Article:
·         CRP044 Parking services estimated revenue: the improving performance since the last report supports the position taken at the last meeting about how the performance of the new Automatic Number Plate Recognition system is being optimised;

·         CRP049/SP059 Number of fly tips reported in streets and parks: highlighted as below the annual target demonstrating the Council’s efficiency in dealing with these before they are reported; and

·         SP046 Total income from commercial waste: this is a better performance than was being reported at the last meeting.  This shows what looked like previous underperformance was the result of how the billing is phased. This is now ahead of the monthly and year-to-date targets.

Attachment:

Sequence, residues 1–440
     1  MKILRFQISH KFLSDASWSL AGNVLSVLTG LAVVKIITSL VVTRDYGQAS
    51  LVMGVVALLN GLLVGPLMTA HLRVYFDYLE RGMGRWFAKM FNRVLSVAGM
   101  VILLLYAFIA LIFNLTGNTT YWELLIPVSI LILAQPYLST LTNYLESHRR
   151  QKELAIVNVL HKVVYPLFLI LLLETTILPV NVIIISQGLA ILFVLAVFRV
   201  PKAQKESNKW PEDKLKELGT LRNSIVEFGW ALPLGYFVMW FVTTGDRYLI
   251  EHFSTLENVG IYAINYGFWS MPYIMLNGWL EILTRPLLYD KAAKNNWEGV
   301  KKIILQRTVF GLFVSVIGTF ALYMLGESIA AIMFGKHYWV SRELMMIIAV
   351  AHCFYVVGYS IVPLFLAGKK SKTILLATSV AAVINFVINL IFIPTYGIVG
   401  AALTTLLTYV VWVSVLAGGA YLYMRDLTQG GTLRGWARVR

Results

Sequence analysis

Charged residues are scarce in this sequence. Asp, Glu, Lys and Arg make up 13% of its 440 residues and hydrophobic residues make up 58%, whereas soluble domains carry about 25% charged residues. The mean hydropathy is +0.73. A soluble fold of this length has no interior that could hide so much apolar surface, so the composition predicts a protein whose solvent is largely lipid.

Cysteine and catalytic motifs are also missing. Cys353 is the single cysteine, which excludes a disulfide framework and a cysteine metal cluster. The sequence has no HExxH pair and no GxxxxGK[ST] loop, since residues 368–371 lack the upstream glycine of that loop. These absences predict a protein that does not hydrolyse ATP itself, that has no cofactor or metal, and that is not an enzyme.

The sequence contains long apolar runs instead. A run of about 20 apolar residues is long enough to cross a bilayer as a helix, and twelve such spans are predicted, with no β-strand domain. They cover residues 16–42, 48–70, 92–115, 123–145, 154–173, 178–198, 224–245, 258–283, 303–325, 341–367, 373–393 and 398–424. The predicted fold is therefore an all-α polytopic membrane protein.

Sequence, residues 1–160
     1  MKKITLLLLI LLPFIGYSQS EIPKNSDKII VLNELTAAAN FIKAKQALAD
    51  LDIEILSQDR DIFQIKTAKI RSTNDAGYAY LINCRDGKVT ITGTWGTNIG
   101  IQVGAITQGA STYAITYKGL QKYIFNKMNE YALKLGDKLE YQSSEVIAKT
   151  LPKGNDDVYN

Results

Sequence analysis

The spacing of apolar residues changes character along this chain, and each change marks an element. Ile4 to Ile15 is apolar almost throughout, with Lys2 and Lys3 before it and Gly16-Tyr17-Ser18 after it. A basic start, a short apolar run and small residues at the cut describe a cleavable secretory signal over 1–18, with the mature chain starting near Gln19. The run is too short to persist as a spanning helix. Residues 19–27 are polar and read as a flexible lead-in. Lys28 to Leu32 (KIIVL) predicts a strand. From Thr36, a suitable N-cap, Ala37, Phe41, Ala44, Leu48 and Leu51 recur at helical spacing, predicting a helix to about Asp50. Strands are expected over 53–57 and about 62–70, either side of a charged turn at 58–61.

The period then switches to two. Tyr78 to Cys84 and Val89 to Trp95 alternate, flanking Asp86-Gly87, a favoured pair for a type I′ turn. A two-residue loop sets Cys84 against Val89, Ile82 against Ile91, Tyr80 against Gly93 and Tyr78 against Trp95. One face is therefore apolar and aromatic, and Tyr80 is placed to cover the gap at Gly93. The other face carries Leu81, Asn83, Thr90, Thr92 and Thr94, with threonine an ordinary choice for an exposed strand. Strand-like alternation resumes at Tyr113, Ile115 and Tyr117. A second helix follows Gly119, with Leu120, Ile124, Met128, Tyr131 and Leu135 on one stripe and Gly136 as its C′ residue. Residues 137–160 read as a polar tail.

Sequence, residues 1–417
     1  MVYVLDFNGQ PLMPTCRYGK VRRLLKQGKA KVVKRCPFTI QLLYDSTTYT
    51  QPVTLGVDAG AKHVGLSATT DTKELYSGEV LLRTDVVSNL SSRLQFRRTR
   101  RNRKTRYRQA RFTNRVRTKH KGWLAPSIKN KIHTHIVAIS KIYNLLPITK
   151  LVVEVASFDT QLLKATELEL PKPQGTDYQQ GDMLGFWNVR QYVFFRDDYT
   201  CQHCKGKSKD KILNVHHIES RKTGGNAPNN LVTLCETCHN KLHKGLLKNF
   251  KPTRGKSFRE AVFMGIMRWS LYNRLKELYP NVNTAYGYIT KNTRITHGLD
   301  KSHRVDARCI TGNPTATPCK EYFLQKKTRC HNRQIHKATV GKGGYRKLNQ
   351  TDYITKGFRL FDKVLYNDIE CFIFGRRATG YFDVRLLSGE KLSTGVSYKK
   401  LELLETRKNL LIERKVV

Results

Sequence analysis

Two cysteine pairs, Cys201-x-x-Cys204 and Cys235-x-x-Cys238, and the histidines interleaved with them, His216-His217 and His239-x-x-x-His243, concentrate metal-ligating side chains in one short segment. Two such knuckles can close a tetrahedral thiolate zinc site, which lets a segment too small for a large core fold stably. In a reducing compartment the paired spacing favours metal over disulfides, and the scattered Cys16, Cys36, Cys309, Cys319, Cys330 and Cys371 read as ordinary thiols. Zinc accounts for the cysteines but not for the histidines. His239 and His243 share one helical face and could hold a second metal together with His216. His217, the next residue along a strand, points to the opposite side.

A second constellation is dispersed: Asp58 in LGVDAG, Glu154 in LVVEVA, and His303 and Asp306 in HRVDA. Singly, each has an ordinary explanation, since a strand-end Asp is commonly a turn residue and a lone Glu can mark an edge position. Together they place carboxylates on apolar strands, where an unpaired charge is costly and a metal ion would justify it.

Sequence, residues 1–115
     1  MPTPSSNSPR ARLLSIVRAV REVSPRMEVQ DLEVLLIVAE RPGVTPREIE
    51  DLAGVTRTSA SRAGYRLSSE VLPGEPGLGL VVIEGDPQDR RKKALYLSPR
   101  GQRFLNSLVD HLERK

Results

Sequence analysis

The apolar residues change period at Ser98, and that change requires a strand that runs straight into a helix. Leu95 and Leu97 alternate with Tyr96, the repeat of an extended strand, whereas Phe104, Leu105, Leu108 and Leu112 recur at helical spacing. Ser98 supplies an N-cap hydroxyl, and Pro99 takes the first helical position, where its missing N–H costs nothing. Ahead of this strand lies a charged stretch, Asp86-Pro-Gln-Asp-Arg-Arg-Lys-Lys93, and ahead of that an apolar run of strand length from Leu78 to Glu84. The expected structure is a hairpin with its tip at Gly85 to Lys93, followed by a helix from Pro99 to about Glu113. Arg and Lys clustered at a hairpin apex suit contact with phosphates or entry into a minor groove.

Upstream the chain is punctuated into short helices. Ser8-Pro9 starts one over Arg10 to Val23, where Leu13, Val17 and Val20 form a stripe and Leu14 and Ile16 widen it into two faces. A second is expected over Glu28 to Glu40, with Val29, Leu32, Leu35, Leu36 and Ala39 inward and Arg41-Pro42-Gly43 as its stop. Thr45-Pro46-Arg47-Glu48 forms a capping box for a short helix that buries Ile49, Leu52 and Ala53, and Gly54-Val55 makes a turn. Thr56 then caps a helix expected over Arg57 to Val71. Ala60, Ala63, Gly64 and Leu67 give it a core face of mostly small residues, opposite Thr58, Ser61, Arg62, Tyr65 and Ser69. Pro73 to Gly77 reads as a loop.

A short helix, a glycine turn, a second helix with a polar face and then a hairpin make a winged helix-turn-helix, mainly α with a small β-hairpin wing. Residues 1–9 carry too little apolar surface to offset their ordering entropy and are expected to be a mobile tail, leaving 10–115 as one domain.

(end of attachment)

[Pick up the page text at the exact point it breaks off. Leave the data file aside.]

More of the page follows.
In response to member questions, it was clarified:

·         February shows a better performance in terms of staff sickness.  It was highlighted that in the run-up to the transfer of the green infrastructure and parks maintenance contract staff sickness worsened due to genuine health issues and falling morale. However, with the first transfer of staff these issues are for the contractor to address.  This position will further improve with the transfer of waste services.



Update report: externalisation of the South London Waste Partnership Phase C

A verbal report will be provided at the meeting by Chris Lee, Director of Environment and Regeneration.


Chris Lee, Director for Environment & Regeneration, provided a verbal update on the externalisation of the South London Waste Partnership (Phase C) in line with the resolved motion to Full Council in September 2016: